I come from a very large family, with lots of siblings and even more cousins. Even though my sisters and brother and I shared the same parents (and my cousins the same grandparents), our view of our collective upbringing varies wildly. I notice this more now that I have children of my own. There’s only two of them, but according to them, their childhoods couldn’t be more different. When I get together with my sibs and relive old times, it’s like conversing with five strangers.
I’ve noticed the same with those in my high school class. Some are new friends, connected late in life by Facebook and reunion dinners. Others I’ve been friends with since the very beginning. No matter what the history, our recollections can be unique, if we can remember them at all.
We’re all different, and our stories are different, even though the principals and the plot are the same. Even though we live through the same crisis, at the same time, our brains will never see the same facts in the same way.
A good novel weaves the stories of all of its characters seamlessly, not just the antics of the protag and the antagonist. I’d never noticed the careful crafting of a good book before; I was too busy enjoying myself to take it apart, but there are typically stories within the story, interwoven like a hand-loomed sweater. You need all those loops, not just the main show.
I used to rather stupidly write from the top of my head, with little forethought to plot or character development or story lines or arcs. Hell’s bells, I was on a tear. Who had time to think? I was writing as fast as I could. Those “minor” components could be added later, tweaked and polished once the words “The End” came into view. (Boy, was I a rube!)
I now realize (after a lot of revision and editing and plot changes on the first two stories) that it’s a whole lot easier to begin plotting and character development before you sit down at the computer and begin pounding out dialogue.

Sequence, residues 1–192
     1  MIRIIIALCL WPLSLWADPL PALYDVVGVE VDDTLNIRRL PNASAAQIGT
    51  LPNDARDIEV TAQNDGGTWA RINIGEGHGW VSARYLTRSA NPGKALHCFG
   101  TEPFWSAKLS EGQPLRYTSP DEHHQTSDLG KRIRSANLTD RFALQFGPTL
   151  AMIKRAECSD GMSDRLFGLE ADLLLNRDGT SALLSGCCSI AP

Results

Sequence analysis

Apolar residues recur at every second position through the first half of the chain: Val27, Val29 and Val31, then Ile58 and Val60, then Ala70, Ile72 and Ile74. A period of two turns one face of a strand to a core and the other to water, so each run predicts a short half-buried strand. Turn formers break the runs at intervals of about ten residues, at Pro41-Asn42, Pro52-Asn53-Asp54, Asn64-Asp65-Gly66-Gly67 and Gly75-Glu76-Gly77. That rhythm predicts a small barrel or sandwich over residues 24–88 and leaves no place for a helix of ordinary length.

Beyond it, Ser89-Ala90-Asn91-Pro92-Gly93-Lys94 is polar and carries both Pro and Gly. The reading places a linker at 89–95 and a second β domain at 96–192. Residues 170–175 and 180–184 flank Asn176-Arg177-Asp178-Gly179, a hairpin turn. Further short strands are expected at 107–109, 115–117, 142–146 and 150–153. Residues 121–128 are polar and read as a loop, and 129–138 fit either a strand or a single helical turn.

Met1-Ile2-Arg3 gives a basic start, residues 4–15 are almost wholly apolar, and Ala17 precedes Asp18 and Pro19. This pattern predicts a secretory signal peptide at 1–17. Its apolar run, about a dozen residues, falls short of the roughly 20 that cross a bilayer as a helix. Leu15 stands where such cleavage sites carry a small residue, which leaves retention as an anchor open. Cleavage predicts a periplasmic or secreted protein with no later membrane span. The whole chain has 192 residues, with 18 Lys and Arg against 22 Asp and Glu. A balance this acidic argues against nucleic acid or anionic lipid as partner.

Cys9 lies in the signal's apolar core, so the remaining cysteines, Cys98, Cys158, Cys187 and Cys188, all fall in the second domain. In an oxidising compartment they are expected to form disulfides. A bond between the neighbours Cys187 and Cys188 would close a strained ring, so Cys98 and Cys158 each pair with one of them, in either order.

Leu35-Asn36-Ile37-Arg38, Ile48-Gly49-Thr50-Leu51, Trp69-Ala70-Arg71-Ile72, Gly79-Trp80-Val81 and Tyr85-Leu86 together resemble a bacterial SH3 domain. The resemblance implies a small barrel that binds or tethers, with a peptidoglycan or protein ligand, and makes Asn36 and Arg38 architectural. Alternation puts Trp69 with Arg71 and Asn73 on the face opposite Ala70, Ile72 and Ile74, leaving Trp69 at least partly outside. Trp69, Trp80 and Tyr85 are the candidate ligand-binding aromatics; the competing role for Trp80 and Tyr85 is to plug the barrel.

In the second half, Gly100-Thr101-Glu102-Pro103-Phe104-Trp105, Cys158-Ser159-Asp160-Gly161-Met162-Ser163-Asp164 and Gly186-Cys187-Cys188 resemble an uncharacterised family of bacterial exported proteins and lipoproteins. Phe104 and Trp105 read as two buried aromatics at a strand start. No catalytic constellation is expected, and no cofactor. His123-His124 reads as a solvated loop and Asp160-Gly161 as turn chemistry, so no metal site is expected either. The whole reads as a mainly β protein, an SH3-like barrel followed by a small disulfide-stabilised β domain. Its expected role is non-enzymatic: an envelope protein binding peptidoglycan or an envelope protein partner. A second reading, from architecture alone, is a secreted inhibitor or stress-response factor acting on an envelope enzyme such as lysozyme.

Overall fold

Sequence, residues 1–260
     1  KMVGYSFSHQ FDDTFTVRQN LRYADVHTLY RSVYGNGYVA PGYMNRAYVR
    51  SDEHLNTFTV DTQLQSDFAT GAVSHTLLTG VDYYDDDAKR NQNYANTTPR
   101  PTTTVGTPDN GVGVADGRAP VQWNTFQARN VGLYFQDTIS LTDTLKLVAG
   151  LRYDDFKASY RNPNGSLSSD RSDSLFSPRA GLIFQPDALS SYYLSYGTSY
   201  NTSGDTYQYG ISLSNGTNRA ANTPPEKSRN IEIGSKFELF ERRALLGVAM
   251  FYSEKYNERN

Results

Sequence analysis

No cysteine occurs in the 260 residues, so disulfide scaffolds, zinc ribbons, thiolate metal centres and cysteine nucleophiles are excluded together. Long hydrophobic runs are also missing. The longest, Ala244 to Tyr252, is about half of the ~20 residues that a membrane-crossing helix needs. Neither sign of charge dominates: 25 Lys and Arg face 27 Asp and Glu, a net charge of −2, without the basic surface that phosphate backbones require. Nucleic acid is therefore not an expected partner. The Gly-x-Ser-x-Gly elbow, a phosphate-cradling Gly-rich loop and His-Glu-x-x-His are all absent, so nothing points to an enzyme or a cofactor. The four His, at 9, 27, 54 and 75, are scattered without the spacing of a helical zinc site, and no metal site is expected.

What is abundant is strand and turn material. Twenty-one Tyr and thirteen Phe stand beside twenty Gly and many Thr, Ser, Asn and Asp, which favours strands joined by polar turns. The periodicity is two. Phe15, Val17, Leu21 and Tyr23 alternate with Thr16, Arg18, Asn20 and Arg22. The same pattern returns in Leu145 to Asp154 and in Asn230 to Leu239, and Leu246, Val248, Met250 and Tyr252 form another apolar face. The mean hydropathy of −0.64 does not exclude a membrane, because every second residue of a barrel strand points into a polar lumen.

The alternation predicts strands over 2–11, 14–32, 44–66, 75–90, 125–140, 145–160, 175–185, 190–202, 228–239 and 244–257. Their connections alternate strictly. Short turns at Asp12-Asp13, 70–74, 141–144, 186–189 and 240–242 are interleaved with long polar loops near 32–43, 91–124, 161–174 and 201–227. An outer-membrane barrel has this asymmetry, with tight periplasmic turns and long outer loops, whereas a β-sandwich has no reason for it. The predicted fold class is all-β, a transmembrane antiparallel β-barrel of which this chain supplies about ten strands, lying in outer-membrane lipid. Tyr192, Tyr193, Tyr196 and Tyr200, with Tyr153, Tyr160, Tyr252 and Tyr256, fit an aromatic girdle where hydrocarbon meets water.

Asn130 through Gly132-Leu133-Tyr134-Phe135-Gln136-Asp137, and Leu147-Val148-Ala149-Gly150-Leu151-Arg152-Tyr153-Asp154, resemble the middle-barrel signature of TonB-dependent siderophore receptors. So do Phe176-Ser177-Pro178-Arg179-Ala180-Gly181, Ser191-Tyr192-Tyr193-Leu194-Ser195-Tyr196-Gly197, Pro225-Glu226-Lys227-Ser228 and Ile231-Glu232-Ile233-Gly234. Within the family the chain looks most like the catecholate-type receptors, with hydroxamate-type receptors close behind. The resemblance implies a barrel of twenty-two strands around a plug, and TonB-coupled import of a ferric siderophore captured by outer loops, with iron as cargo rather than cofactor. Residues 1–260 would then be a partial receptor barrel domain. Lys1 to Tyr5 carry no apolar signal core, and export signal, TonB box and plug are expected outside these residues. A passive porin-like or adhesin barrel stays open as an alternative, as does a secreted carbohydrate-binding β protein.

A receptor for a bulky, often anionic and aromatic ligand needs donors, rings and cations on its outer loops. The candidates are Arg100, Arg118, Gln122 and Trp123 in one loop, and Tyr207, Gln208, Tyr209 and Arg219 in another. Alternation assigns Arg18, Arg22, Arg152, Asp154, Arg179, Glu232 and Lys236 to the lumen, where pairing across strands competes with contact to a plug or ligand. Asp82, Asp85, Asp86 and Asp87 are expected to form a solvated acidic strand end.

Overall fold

Last summer, Mr. Ed gave me a series of assignments to complete before he began editing. One was to describe each character and their story. He knew each was unique, but they all came out sounding like…ME. (All of them are me, but they’re also not.)
My first thought was “Oh, come on. You can’t see them? One’s overweight, one’s a beauty queen, one’s gay, one’s down-home and honest. One’s a gadabout, one’s a middle-aged mom. You can’t see that?”
NO, he couldn’t see them that way, mostly because I hadn’t written them that way. I knew who they were and what they were doing, but no one else could see them. In deconstructing the characters, I realized I hadn’t really seen them in the way I wanted them to appear. That’s because I took the lazy-man’s way out of it and told more than I showed.
In the last week, I’ve taken my other WIPs and done the same thing: List the cast of characters and write a sentence or two about their story. Because, you know, their view of the proceedings has necessarily got to be different than my protag. They’re not just pawns on the chessboard; they all have stories of their own. I wrote each in long-hand in my notebook (ecosystem – I’m cured from Moleskine), and when I forget about a personality quirk or trait and it all melds together, I can open it up and find my true characters.
It was a good exercise. Now back to writing.